You may have heard of heartworm disease in dogs but, living in the north, you may not be especially concerned. However, like many parasites that have historically been more of a concern in the south, heartworm is also on the rise in Massachusetts. A decade ago veterinary clinics in eastern Mass generally saw about 1-5 new cases of heartworm disease in dogs each year, a concerning number for such a serious disease. Fast forward to today when most clinics are typically seeing 6-25 new cases of heartworm in dogs each year. Cats can catch heartworm, too, and statistics show that there is a similar increase in heartworm disease in cats in our area. This increase means that you probably have a pet that is infected with heartworms in your neighborhood.

Why the increase in heartworm? Heartworm disease is spread by the bite of a mosquito that has been feeding on an animal that is infected with heartworms. This feeding spreads baby heartworms from one animal to the other. Wild animals like foxes and coyotes are common sources, and had been typically the main source of infection for pets in this area. Parts of the country that tend to have year-round warm, humid weather that mosquitoes love tend to be hotbeds of heartworm disease. Disasters like hurricanes, overcrowded shelters, and animal rescue efforts have lead to a large population of dogs from these hotbed areas to be relocated to the north. Unfortunately, many of these dogs that get relocated to our area have not been on heartworm prevention and are already infected. Having so many dogs in the area that have heartworm increases the chance that each mosquito bite may carry baby heartworms.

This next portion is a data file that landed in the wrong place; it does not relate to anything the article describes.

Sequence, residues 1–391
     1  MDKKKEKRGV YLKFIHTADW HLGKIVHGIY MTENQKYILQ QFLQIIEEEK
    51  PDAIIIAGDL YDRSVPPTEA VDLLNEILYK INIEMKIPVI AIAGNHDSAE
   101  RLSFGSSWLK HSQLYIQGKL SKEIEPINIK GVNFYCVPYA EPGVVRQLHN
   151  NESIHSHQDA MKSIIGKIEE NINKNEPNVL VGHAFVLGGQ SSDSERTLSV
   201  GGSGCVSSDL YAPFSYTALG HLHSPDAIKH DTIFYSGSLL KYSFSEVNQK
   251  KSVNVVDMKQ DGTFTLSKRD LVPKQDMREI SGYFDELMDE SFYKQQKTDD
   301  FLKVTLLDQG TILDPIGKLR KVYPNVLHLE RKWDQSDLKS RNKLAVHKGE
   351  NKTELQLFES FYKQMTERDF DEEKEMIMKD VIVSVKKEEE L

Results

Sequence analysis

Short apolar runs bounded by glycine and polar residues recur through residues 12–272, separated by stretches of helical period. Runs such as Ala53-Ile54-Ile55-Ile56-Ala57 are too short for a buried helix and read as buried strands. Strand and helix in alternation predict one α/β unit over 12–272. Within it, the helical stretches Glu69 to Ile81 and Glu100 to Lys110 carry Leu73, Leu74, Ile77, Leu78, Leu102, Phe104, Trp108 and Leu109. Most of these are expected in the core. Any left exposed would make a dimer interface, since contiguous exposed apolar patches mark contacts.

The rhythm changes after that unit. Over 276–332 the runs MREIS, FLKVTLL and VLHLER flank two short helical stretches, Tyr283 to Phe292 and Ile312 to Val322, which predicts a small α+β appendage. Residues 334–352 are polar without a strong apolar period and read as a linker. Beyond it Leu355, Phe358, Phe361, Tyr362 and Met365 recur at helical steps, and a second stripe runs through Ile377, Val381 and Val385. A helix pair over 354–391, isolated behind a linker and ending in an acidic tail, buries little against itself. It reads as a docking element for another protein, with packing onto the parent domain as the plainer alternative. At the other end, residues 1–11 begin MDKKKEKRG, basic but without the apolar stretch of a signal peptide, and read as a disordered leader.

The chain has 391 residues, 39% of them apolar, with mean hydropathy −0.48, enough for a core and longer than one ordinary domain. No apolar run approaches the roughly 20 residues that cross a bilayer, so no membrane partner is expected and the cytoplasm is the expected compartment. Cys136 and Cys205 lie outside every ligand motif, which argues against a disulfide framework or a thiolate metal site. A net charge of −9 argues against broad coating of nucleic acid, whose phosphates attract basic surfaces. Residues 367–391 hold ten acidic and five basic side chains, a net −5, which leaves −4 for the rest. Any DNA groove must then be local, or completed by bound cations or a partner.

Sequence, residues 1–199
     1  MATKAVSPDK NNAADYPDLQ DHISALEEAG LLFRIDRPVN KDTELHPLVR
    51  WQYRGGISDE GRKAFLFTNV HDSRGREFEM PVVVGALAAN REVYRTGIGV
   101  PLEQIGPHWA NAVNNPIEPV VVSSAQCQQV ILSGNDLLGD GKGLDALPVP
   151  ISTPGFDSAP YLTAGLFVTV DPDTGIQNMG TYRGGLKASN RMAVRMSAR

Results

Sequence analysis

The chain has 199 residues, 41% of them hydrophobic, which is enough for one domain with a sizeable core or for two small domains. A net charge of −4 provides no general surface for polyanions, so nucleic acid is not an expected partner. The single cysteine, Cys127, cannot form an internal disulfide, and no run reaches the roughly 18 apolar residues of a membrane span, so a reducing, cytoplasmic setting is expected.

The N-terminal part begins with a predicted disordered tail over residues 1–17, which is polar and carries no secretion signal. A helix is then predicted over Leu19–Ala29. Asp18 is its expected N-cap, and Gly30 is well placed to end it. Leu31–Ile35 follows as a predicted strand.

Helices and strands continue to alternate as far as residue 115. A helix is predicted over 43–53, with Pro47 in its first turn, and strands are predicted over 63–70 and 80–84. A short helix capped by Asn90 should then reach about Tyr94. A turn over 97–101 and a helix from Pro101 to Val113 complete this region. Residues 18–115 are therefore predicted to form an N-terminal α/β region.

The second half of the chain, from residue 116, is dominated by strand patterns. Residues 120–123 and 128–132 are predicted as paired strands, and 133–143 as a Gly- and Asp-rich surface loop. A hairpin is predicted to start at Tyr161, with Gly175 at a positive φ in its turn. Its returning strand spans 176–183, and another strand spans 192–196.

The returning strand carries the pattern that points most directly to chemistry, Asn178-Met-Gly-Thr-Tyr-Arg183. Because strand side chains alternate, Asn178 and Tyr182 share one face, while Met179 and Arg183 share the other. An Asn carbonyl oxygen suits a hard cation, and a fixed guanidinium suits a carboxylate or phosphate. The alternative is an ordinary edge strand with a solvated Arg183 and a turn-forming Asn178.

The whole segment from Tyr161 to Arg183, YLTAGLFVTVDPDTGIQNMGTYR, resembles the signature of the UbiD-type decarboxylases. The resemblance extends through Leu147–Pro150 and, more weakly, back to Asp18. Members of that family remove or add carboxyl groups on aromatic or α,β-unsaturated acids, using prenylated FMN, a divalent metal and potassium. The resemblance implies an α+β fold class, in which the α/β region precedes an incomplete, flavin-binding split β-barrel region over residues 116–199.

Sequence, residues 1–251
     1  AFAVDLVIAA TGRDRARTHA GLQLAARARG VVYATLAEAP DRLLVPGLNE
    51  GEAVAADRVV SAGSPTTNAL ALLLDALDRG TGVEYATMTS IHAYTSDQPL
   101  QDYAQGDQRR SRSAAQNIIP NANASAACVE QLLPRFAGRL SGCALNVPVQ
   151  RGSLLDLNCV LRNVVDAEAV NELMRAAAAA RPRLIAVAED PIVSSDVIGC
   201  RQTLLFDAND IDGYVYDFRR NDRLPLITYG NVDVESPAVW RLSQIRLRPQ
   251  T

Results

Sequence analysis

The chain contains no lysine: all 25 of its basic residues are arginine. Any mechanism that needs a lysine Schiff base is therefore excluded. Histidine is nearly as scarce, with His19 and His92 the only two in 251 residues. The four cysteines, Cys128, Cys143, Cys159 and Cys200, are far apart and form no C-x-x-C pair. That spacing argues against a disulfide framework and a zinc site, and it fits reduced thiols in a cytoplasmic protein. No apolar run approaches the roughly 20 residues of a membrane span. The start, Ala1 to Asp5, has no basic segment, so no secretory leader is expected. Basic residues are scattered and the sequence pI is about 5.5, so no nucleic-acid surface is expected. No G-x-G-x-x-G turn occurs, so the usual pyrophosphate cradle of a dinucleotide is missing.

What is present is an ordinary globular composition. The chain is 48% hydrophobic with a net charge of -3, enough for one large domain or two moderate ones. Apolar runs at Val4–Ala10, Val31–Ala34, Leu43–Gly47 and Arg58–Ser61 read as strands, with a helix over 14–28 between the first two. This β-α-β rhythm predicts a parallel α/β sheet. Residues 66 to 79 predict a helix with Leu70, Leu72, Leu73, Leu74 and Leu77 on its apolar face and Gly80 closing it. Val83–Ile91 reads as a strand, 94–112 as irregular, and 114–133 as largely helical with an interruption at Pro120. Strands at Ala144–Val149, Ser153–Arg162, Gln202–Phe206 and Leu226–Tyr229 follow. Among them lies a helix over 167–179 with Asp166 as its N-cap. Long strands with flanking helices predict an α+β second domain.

Can’t I just treat my pet if they become infected? This is not the best strategy. Once a dog is infected with heartworms there can be long lasting damage to the heart and lungs even after the worms have been killed. Heartworm disease is an infection of parasitic worms that live in the large blood vessels of the heart and lungs and cause quite a bit of damage where they reside as you may imagine. The treatment itself is complicated, risky, very painful and quite expensive, often costing more than many years of prevention of the disease. There is no treatment currently available for cats and some cats can experience sudden death from heartworm disease.

What should I do for my dog? Puppies should be started on a monthly heartworm preventative at the time of their first vaccines and should continue to take a preventative every month for the rest of their lives. Yearly testing is recommended to ensure that they remain negative. The preventatives that exist these days are pretty good at preventing disease but there is nothing that exists that is a 100% guarantee against infection. If a dose of preventative gets missed then the dog is at risk if they are bitten by an infected mosquito. Yearly testing ensures that infected dogs do not go very long without being detected. Treatment of heartworm disease is easier on the dog if the infection is not too far advanced.

What about my cat? Although cats do not catch heartworm as easily as dogs, every cat that has a chance of exposure to mosquitoes (basically all cats) should be on a preventative every month from the time they are a kitten.

Prevention is much easier now than in the past. A couple of decades ago dogs had to be given daily preventatives that could become dangerous if a single dose was missed. These days there are many monthly options from yummy treats to topicals. Most heartworm preventatives are combined with other helpful preventatives so it is possible to prevent intestinal parasites or fleas along with a range of other parasites in the same monthly dose. Your veterinarian can help you pick the best option for your pet’s lifestyle and your preference.

If you would like to read more about heartworm disease the American Heartworm Society has great resources for pet owners.